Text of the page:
Winston Churchill’s Divi Britannici (1675) and archipelagic royalism

Maley, W. and Stacey, R. (2022) Winston Churchill’s Divi Britannici (1675) and archipelagic royalism. Humanities, 11(5), 109. (doi: 10.3390/h11050109)

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Divi Britannici (1675) is a major restoration history that deserves to be more widely known. The work’s author, Sir Winston Churchill (1620-1688), is certainly less well-known than his celebrated descendant of the same name. Seldom mentioned in discussions of seventeenth-century historiography, Divi Britannici can be read alongside contemporary histories, including John Milton’s History of Britain (1670). If British historians have generally overlooked Divi Britannici then Churchill’s work did come to the notice of Michel Foucault, who recognized its arguments around conquest, rights and sovereignty as crucial to the development of political thought in the period. In this essay we excavate Churchill’s arguments, sift through the scattered critical legacy, and locate Divi Britannici both within the context of Restoration histories, with their warring interpretations of England and Britain’s past, and within a tradition of British historiography that associates monarchical rule with national stability. What scholars have missed, however, is the propensity of Churchill to align the restored Stuart monarchy with a form of ethnic co-operation between Scotland, Ireland and England, designed to counter the perceived divisions which were exacerbated by the policies of Cromwell and the parliamentarians.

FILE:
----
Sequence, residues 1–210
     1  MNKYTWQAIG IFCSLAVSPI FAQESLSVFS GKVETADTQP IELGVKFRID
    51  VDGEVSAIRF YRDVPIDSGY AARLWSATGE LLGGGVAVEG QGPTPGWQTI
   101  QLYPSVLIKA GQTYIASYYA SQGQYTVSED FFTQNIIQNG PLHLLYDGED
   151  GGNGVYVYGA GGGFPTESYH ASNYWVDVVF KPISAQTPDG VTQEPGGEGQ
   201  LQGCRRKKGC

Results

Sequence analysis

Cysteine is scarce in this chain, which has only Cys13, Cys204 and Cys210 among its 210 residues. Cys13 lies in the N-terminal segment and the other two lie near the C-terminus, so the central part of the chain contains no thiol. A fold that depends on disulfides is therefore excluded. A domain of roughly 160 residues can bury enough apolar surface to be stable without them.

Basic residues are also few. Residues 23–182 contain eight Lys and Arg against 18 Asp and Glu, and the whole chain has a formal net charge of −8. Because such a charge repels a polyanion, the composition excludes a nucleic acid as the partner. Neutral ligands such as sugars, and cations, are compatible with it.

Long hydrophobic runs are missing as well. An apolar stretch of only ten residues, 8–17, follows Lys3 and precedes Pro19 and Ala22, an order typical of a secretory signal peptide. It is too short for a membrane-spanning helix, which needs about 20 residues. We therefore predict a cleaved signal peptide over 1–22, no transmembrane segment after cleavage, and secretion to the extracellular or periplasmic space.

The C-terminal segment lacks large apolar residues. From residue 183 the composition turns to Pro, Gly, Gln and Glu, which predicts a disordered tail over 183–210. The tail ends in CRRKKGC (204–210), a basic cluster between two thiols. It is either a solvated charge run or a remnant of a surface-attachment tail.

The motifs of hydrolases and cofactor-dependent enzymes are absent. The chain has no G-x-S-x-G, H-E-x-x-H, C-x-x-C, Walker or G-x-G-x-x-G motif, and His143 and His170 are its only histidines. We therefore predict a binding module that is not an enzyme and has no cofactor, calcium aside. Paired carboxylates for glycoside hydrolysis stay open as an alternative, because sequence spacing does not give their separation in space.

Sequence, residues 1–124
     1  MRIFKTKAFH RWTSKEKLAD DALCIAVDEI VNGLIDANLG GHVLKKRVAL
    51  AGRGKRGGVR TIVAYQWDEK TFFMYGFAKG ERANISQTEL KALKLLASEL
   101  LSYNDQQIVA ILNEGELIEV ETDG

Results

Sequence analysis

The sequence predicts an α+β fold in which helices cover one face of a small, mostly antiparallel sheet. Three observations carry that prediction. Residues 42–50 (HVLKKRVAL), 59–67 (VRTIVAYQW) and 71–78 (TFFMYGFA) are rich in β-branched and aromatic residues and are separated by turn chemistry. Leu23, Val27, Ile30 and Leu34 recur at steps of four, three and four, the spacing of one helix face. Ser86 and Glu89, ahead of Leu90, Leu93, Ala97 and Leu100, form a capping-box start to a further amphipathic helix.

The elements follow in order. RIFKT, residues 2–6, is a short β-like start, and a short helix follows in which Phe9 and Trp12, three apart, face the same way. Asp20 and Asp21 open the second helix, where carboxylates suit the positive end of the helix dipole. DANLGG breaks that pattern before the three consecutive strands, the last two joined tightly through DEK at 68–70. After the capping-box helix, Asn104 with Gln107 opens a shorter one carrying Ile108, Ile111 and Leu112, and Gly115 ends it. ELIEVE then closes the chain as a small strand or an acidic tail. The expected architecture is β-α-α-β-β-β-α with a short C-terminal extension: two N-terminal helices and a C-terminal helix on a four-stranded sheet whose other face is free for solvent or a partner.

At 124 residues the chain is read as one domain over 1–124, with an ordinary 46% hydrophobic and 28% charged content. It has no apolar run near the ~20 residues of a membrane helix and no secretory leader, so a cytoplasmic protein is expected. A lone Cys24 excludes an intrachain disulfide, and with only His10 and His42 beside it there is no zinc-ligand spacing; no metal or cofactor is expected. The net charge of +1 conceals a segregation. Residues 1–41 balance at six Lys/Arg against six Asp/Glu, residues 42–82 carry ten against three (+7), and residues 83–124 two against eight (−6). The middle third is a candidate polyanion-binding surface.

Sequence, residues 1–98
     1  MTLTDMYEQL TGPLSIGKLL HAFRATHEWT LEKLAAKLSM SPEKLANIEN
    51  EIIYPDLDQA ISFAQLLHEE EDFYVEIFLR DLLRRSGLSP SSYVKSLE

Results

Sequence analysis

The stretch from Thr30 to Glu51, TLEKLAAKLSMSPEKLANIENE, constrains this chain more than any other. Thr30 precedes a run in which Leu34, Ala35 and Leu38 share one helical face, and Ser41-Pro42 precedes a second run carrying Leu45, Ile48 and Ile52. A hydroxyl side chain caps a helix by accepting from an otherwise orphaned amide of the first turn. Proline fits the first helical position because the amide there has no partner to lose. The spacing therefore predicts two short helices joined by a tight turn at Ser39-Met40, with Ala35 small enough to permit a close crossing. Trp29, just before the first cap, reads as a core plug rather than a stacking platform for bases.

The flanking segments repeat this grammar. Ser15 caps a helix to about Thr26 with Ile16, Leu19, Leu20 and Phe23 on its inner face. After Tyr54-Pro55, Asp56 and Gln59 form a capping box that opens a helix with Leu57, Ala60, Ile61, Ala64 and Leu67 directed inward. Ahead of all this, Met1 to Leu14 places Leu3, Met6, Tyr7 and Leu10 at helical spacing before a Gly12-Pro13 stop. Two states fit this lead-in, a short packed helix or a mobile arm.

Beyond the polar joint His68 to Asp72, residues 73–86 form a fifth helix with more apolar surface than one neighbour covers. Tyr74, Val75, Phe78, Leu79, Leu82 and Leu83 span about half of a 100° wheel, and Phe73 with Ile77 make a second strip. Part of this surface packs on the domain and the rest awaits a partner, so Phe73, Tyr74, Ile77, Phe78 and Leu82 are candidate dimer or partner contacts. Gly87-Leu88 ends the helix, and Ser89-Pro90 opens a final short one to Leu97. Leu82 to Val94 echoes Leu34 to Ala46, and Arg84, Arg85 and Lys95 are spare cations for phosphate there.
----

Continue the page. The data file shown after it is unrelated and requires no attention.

Item Type:Articles
Glasgow Author(s) Enlighten ID:Stacey, Dr Richard and Maley, Professor Willy
Creator Roles:
Maley, W.Writing – original draft, Writing – review and editing
Stacey, R.Writing – original draft, Writing – review and editing
Authors: Maley, W., and Stacey, R.
College/School:College of Arts & Humanities > School of Critical Studies > English Literature
Journal Name:Humanities
ISSN (Online):2076-0787
Published Online:01 September 2022
Copyright Holders:Copyright © 2022 The Authors
First Published:First published in Humanities 11(5):109
Publisher Policy:Reproduced under a Creative Commons license

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